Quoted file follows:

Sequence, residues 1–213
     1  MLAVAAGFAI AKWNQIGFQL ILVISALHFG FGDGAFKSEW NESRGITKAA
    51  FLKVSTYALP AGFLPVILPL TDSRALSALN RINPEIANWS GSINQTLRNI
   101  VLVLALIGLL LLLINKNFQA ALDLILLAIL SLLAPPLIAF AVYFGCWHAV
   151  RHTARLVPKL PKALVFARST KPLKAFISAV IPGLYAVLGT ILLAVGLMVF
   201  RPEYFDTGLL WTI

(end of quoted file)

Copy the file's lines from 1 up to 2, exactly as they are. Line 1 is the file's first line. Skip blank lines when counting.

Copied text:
Sequence, residues 1–213
     1  MLAVAAGFAI AKWNQIGFQL ILVISALHFG FGDGAFKSEW NESRGITKAA